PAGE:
By Dan Radel
This winter the U.S. Coast Guard will be stepping up its patrols off the New Jersey and Delaware coastline looking for striped bass poachers.
"There will be more (boat) boardings and inspections to ensure federal regulations are complied with," said Petty Officer Nick Ameen, U.S. Coast Guard spokesperson.
Striped bass are not allowed to be caught, harvested or possessed in the Exclusive Economic Zone (EEZ), which begins three nautical miles from shore and extends out to 200 nautical miles
Striped bass are typically found closer to shore, however changing sea temperatures can cause them to migrate farther than three miles offshore, according to the U.S. Coast Guard. A person caught fishing for, or in possession of striped bass while in the EEZ is subject to civil fines.
"It's important to remember Atlantic striped bass have not fully recovered from years of overfishing," said Capt. Kathy Moore, the commander of Coast Guard Sector Delaware Bay in Philadelphia. "Complying with these rules will ensure this resource is available to future generations"
The public is encouraged to report any suspected poaching activity to Coast Guard Sector Delaware Bay at 215-271-4974. Calls should include a description of the activity, those involved, the location and the time of the suspected offense. Such information greatly increases the effectiveness of law enforcement operations.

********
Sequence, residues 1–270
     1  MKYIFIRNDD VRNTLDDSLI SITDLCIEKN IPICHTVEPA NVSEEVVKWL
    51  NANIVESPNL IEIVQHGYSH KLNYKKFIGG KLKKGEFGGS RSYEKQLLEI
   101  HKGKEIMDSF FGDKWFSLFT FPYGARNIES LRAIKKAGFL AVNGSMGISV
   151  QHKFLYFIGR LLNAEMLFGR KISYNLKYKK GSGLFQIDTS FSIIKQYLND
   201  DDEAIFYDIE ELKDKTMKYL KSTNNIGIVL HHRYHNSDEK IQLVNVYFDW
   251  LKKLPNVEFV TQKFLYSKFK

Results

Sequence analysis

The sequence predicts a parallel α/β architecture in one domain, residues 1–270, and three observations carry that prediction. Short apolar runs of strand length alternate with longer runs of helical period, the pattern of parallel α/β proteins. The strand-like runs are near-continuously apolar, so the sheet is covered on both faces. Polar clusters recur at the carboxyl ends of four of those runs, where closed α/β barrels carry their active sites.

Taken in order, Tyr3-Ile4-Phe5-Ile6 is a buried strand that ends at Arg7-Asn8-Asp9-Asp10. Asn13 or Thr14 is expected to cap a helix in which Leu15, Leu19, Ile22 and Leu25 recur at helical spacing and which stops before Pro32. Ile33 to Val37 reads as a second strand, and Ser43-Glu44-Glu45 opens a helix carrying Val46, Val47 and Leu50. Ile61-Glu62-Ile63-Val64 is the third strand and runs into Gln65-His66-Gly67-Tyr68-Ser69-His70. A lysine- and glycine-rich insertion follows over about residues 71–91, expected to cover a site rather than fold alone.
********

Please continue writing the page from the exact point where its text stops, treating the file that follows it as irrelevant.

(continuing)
After a good shot of striped bass the last week, Bobby Mathews at the Fishermen's Den said the bass may have had a case of lock jaw this weekend.
"It was an interesting weekend, anglers had good readings but tough catching," said Mathews.
He had a few bass come in. A 29 pounder was caught by anglers trolling by boat over rocky bottom. In the surf the action wasn't much better as only a few smaller sized bass were brought it.
"The bright spot this weekend was the terrific (winter) flounder fishing in Shark River," said Mathews. "It was common to catch a dozen nice fish from the bulkhead, of course, you can only keep two."
The fish were hitting clams,worms and mussels, said Mathews.
Capt. Ron Santee of the Fishermen reported anglers caught lots of fiesty bluefish on Saturday's trip. They had some keeper striped bass on the boat, including the pool winner, which weighed 15 pounds.
The short stripers were also getting to the hooks, Santee said.
The keeper fish that were cleaned had stomach's full of small weakfish, croakers, and butterfish.